Once you’ve completed filling everything out, Lightroom will ask if you would like to save your metadata info as a preset. Click “save” and create a name for the metadata preset. You can simply call it “Copyright [year]” to keep things simple.
Automatically Apply Your Metadata Preset to Your Photos on Import
Once you’ve created your Metadata Preset, you can now automatically apply it to all of your photos upon Import. It's easy!
- Open the Import dialog.
- On a PC: Shift+Control+I
- On a Mac: Shift+Command+I
- Select any option at the top center EXCEPT for Add.
- Go to the Apply During Import section located in the right-side panel.
- From the Metadata Preset menu, select the preset you just created
Once you’ve selected a Metadata Preset, Lightroom stores this as the default for the next time so you can skip the Import dialog step.
And here's another super useful thing you can do with metadata – use it to add keywords to your photos.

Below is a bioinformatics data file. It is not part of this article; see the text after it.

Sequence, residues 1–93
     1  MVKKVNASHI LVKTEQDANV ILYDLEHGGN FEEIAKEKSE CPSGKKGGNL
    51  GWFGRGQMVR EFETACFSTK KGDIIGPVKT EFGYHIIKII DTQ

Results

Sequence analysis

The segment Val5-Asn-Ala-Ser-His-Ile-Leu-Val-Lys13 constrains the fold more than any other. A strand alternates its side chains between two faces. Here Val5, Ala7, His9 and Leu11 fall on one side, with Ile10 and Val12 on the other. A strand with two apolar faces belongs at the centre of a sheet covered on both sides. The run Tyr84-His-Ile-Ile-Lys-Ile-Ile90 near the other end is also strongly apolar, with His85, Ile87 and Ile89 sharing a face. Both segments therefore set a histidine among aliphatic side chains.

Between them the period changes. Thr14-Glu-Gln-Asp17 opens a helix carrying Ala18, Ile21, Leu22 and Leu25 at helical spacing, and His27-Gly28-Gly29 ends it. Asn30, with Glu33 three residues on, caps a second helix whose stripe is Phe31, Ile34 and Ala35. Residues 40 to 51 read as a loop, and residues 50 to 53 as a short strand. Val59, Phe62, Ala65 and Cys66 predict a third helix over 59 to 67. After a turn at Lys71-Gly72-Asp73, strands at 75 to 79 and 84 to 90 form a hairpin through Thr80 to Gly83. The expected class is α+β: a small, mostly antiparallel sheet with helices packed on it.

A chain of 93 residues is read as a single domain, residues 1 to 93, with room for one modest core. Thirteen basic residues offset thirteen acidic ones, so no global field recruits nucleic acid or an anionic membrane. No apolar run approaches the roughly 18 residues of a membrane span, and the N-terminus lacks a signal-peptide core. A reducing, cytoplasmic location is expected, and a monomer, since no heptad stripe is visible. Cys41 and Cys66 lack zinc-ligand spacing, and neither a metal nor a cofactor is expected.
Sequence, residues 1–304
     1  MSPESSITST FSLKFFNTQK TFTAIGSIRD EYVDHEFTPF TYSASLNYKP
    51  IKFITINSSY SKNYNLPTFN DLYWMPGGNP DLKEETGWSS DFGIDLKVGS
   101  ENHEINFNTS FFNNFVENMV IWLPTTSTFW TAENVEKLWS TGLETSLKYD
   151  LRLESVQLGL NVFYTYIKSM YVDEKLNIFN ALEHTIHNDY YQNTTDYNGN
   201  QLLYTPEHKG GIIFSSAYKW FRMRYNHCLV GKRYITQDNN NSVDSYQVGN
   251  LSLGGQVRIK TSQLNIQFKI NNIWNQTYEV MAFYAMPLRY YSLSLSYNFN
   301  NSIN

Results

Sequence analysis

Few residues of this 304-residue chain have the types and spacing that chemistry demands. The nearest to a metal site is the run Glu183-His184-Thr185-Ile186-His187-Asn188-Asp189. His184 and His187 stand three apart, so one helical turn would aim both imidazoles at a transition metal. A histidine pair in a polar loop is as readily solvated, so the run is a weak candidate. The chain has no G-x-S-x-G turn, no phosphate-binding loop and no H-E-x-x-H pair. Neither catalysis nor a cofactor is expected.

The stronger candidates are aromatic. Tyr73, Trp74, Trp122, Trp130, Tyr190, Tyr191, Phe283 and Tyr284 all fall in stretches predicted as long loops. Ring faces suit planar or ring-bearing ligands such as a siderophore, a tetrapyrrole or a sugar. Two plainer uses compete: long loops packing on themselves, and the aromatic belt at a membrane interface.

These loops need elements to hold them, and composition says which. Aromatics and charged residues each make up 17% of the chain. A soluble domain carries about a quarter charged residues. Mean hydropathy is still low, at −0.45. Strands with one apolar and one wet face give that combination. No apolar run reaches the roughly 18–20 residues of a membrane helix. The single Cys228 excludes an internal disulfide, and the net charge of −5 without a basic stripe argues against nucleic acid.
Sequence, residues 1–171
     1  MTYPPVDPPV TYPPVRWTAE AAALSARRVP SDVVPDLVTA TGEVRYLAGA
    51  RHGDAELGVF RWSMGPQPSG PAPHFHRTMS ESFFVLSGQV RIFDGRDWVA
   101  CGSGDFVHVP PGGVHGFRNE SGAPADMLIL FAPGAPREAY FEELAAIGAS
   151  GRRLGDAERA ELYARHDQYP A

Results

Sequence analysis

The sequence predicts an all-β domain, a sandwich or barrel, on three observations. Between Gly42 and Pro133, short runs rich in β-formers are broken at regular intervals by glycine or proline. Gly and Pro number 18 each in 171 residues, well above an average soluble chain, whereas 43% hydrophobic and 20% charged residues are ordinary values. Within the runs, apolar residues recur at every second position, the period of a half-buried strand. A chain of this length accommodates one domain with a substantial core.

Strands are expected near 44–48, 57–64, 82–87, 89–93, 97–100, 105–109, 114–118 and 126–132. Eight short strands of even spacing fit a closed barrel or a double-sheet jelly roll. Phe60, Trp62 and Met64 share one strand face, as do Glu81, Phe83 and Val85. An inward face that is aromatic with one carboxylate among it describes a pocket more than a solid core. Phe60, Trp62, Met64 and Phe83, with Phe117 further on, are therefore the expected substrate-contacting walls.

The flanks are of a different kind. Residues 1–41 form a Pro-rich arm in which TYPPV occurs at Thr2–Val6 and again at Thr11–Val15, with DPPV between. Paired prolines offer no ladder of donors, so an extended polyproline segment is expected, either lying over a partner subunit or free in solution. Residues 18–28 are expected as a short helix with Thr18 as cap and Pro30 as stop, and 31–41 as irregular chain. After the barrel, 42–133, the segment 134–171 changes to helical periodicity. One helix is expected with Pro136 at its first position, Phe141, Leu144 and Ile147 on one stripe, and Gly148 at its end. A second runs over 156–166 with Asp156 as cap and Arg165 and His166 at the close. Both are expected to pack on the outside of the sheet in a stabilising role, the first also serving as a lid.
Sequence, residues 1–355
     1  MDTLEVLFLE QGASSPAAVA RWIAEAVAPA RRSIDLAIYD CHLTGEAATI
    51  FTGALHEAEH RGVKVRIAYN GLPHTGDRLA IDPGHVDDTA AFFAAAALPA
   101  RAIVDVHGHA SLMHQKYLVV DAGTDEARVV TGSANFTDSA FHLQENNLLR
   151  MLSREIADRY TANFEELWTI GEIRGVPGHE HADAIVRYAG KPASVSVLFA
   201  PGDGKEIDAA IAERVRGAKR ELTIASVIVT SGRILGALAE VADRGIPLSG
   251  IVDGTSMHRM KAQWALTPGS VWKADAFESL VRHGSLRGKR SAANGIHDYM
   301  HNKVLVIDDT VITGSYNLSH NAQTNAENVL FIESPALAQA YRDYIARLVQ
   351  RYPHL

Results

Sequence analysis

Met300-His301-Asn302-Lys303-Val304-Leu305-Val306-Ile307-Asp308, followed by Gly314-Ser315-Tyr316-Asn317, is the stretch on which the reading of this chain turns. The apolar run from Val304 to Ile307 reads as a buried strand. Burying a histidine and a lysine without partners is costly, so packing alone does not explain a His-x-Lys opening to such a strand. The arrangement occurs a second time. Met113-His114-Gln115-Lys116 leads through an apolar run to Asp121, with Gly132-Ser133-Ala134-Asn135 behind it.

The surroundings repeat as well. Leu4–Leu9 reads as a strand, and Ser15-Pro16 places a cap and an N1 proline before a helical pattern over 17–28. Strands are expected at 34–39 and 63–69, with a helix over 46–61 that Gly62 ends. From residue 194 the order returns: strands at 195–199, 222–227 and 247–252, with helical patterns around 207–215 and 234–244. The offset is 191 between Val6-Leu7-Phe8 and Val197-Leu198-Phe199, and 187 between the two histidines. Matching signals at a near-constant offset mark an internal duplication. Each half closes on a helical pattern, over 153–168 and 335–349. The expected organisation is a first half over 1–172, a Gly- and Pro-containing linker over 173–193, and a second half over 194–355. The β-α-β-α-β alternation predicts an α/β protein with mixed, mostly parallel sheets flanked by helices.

Add Keywords to Your Photos
You can also use metadata presets to add keyword labels (for example, wedding photos, outdoor shots, product photography, etc.) so that you can easily find specific photos in the future. When you have thousands of photos in your catalog, you’ll really start to appreciate keywords!
The simplest way to start adding keywords is through Lightroom’s Keyword Panel.
Start off in the Library Module. Find the Keywording Module on the right side of your screen.
Enter your Keyword Tags in the Keywording box, separated by a comma.
Next, when you import your photos, hold down the shift key, then select the first photo you want to apply the keyword to, and the last. Select your keyword, and hit the Sync button. Now your photos will have that particular keyword list attached to it.
If you want to later find photos with those keywords, go to Library > Enable Filters
Then select Text > Select Text in the dropdown > Contains words > Select keyword.
Lightroom will then bring up all photos that have that keyword applied. That's a heckuva a lot easier than scrolling through an entire catalog to find one photo, wouldn't you agree?